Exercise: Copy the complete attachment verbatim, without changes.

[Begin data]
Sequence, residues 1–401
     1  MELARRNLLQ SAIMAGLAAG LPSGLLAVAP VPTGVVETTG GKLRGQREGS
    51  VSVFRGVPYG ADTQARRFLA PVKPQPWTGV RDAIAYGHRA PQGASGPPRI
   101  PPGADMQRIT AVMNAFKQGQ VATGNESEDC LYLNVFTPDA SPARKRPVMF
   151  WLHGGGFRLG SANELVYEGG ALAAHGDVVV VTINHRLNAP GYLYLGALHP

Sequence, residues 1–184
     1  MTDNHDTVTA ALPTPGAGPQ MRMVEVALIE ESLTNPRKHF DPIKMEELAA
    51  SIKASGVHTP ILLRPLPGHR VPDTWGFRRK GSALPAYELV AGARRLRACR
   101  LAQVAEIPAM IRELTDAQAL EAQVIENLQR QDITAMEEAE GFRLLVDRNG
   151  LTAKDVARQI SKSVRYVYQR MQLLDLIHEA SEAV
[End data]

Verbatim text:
Sequence, residues 1–401
     1  MELARRNLLQ SAIMAGLAAG LPSGLLAVAP VPTGVVETTG GKLRGQREGS
    51  VSVFRGVPYG ADTQARRFLA PVKPQPWTGV RDAIAYGHRA PQGASGPPRI
   101  PPGADMQRIT AVMNAFKQGQ VATGNESEDC LYLNVFTPDA SPARKRPVMF
   151  WLHGGGFRLG SANELVYEGG ALAAHGDVVV VTINHRLNAP GYLYLGALHP

Sequence, residues 1–184
     1  MTDNHDTVTA ALPTPGAGPQ MRMVEVALIE ESLTNPRKHF DPIKMEELAA
    51  SIKASGVHTP ILLRPLPGHR VPDTWGFRRK GSALPAYELV AGARRLRACR
   101  LAQVAEIPAM IRELTDAQAL EAQVIENLQR QDITAMEEAE GFRLLVDRNG
   151  LTAKDVARQI SKSVRYVYQR MQLLDLIHEA SEAV